Harvest: It was fast and brutally disappointing for many growers in areas with insufficient chilling. Many growers report harvesting 100-200 pounds, and some orchards were apparently not harvested at all. Orchards on the east side of the southern San Joaquin Valley performed much better where the chill accumulation was higher. I have heard of near-normal crops in this region, with split and blank nut percentages typical for the area. In contrast, a high elevation orchard near the base of the Tehachapi Mountains had only 100 pounds ACP weight. People keep asking what happened, so I guess we have to come up with a Martin story rather than the excessively simple answer of inadequate winter chilling!

Read more >


September/October 2015 - Task List for Pistachios

Pistachio Production

By Bob Beede, U.C. Farm Advisor, Emeritus

Harvest: I think nut maturity is about the same as last year. Chris Wiley, Agri-World Ranch manager, and veteran of over 35 harvests, called the other day lamenting the loss of a “normal” harvest year. Like a fine wine, he reminisced about the “harvest of ‘98,” when a single five-second shake rained all the nuts onto the catch frames with great quality.

The observations of Chris and many others suggest that this harvest is NOT going to be a vintage year. Individual trees vary greatly in maturity within a given orchard, and the percent-fill will not be known until the first grade sheets are available. If you have been out cutting clusters, you at least have some idea what to expect. Those who have not are going to be asking to recheck the bills of laden, thinking that several loads never made it to the processor.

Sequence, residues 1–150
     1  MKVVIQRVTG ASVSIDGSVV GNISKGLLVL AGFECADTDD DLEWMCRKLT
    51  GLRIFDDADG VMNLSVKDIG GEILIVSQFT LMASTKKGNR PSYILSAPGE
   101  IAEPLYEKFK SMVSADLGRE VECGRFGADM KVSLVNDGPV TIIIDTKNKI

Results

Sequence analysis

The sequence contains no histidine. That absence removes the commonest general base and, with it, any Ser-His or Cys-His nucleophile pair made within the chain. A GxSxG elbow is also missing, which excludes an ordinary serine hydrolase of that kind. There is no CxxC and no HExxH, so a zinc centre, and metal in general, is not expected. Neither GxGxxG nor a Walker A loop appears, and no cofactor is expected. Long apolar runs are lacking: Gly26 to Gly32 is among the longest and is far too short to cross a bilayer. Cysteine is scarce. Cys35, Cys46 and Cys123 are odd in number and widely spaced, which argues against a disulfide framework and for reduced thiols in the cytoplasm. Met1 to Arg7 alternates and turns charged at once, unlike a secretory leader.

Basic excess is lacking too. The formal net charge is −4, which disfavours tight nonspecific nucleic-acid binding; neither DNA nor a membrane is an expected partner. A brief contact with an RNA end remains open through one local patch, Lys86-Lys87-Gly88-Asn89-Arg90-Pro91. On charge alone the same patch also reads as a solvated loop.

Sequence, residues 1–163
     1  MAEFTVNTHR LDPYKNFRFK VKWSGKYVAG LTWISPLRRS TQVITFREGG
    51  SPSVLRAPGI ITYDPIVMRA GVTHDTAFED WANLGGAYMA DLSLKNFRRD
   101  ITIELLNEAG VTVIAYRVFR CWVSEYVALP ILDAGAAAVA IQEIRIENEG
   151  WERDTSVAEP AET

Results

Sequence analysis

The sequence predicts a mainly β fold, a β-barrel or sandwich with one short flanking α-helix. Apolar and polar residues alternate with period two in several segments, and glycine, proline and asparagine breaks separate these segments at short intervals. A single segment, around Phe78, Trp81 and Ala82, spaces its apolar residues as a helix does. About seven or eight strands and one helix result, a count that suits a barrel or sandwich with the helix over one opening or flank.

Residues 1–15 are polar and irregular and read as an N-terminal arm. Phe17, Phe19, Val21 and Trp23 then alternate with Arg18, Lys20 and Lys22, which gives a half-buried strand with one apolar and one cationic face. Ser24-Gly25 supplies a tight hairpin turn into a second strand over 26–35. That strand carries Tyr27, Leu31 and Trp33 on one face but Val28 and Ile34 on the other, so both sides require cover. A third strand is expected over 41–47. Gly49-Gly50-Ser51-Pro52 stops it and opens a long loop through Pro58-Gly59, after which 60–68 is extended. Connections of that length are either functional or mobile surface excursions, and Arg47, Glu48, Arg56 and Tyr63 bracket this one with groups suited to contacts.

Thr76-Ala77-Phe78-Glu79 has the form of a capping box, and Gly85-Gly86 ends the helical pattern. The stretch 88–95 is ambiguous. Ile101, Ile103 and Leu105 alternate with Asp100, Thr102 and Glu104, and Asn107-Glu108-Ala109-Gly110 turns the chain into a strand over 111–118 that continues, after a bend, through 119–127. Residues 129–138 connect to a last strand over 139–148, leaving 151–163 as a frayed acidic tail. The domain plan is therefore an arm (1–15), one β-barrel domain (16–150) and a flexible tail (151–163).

Read more >


May 2015 - Task List for Pistachios

Pistachio Production

By Bob Beede, U.C. Farm Advisor, Emeritus

Field Oil Observations: With the help of my good buddy, Carl Fanucchi, I have continued rating trees treated with and without oil in Buttonwillow and Tejon, as well as observing trees in Kettleman City, on the west side up to Firebaugh, and on the east side of Madera. I have also fielded many calls from growers unhappy about the lack of uniformity from oil treatment, and whether or not flower-bud drop was related to the oil. I wish I had answers to all the conditions I have seen in the field. About the only thing I know for sure is that in the 10 years that I studied oil application and its rest-breaking effects, I never saw all of the problems that I have seen in the past two years. This, of course, begs the question, why?

Read more >


April 2015 - Task List for Pistachios

Pistachio Production

By Bob Beede, U.C. Farm Advisor, Emeritus